Five cars were used to tape the multiple chases across the Southwest, but the final scene was the most dramatic. With his adrenaline pumping, Kowalski had to pass a roadblock comprised of two bulldozers. He approached high speed, flashed a fearless smile and crashed into a fiery explosion. In the last shot, an engine-less 1967 Camaro was used in place of the Challenger. Since the car went up in flames, no one knew the difference.

4. Buddy Manucci in “The Seven-Ups” (1973)

Rob Scheider starred as Buddy Manucci, the leader of a plainclothes squad of police officers who used unorthodox methods to catch criminals, and charges usually led to jail sentences of at least seven years.

Similar to “The French Connection” and “Bullitt,” Bill Hickman developed the chase scene for this movie.

Stunts & Car Specs:

Scheider pursued criminals in Upper Manhattan while driving his 1973 Pontiac Ventura Sprint coupe. Although the actor did perform some of the scenes, most were completed by stunt double Jerry Summers.

The car had a three-speed transmission and a 350 cubic-inch V8 engine. The driver didn’t perform any fancy feats, and there was an abundance of oversteer and hesitation. The sequence was packed with action, without the usual over-the-top maneuvers, dialogue or dramatic music – it captured the essence of the chase perfectly.

5. Jake and Elwood Blues in “The Blues Brothers” (1980)

Who doesn’t recognize the iconic “Blues Brothers” characters made famous by Dan Aykroyd and John Belushi? Throughout the movie, the men were on a “mission from God” to save an orphanage from being closed.

They gathered their old band and performed a fundraiser. Along the way, they ran from “destructive” individuals and the police. The entire plot was one giant chase that involved the “Bluesmobile,” a 1974 Dodge Monaco sedan.

Stunts & Car Specs:

Photo by Sheila Thomson on Flickr / CC BY 2.0

Photo by Sheila Thomson on Flickr / CC BY 2.0

The car was described as a “440 cubic-inch power plant.” With its cop tires, suspension and shocks, it had everything it needed to perform incredible stunts.

During the making of the movie, there were 13 Bluesmobiles driven by over 40 stuntmen. The cars were purchased as retired police vehicles, reinforced with safety-cages and patched throughout shooting. The final pursuit occurred as the brothers raced to Chicago, crashed through the Richard J. Daley Center and landed at the county tax office.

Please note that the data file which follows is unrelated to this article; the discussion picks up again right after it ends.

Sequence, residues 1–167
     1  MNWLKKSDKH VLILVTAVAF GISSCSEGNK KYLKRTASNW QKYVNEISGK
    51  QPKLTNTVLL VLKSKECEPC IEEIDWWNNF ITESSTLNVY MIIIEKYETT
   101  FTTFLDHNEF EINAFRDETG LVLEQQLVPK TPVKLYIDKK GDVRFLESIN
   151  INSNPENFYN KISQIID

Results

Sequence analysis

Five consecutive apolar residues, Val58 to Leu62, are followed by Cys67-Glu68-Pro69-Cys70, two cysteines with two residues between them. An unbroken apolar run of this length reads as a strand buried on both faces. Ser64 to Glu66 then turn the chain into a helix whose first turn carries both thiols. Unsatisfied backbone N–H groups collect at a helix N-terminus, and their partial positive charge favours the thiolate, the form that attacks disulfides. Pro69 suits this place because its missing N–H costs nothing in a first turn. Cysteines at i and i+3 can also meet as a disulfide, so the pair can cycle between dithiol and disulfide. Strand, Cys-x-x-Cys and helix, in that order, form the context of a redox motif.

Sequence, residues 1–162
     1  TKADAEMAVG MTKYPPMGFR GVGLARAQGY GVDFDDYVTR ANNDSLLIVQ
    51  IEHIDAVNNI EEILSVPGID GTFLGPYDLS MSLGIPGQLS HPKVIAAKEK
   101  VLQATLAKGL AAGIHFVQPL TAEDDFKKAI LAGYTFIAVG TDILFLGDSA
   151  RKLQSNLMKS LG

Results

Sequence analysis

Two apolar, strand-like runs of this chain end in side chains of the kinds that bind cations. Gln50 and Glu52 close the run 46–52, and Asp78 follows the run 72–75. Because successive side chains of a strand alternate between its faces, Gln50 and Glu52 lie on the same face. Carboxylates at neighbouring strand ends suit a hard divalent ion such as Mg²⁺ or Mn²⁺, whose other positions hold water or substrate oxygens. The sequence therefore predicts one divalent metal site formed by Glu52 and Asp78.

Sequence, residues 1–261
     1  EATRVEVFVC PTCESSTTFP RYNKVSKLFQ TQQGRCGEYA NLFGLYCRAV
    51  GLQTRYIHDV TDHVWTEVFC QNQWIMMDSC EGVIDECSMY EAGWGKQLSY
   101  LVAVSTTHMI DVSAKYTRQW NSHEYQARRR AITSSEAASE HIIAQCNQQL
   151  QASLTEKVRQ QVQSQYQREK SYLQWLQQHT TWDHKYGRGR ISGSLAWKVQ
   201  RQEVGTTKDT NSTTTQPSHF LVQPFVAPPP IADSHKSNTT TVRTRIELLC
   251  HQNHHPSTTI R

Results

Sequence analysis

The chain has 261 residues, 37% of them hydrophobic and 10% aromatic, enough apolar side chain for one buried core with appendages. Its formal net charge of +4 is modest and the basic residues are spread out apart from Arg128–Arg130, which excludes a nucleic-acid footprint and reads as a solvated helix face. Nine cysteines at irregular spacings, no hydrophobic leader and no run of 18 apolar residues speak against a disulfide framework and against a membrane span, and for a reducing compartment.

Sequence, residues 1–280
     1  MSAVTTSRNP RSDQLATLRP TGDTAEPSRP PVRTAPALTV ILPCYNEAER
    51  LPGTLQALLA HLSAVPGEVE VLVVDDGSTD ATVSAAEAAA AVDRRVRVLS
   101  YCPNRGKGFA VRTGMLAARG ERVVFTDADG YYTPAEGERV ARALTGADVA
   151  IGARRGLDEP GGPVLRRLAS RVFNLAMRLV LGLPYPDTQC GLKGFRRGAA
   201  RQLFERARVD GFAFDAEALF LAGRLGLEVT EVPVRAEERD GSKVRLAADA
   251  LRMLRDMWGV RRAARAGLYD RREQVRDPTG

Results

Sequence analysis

Even though the actors kept a calm demeanor through the extensive chase, they exited the vehicle looking puzzled when the car fell into pieces before their eyes. This iconic scene became so popular that it was later recreated with LEGO blocks.

6. Sam in “Ronin” (1998)

It’s the attention to details that makes “Ronin’s” chase scenes so special. Robert DeNiro’s character was an ex-CIA operative in search of a rogue agent. At the end of the movie, he was forced to participate in a nerve-tingling chase through the city streets of Paris in a Peugeot 406, while the enemy drove a BMW M5.

Stunts & Car Specs:

Realism was maintained by filming each chase sequence in one go. There were no spontaneous explosions or cars flying in the air. Viewers can hear the 6-cylinder engines being properly revved before gear changes and enjoy the smoking tires when the drivers down shift and perform power slides by using hand brakes. Approximately 150 stunt doubles were used throughout movie. Certain cars reached speeds over 120 mph, and 80 cars were completely wrecked.

7. Jason Bourne in “The Bourne Identity” (2002)

Most viewers would agree the most memorable scene from “The Bourne Identity” was when assassin Jason Bourne, played by Matt Damon, drove a 1965 Austin Mini Cooper through the streets of Paris to evade the CIA and police.

Alongside his love interest, he raced the tiny car through narrow alleys and across sidewalks. The camera remained focused on the girl’s horrified face. Bourne remained calm and rarely spoke through the ride, except to warn his passenger about a “small bump” that would turn out to be a descent down a large mass of outdoor steps. The chase finished as Bourne successfully evaded everyone and managed to park safely in an underground garage.

Stunts & Car Specs:

The car was equipped with a four-speed gearbox and an engine that produced 65 horsepower. Its top speeds were estimated to approach 95 mph and could go 0 to 60 mph in 12.3 seconds. Despite the stats being those of a regular car, Damon performed many of the stunts himself and impressed the audience.


Who is your favorite movie driver?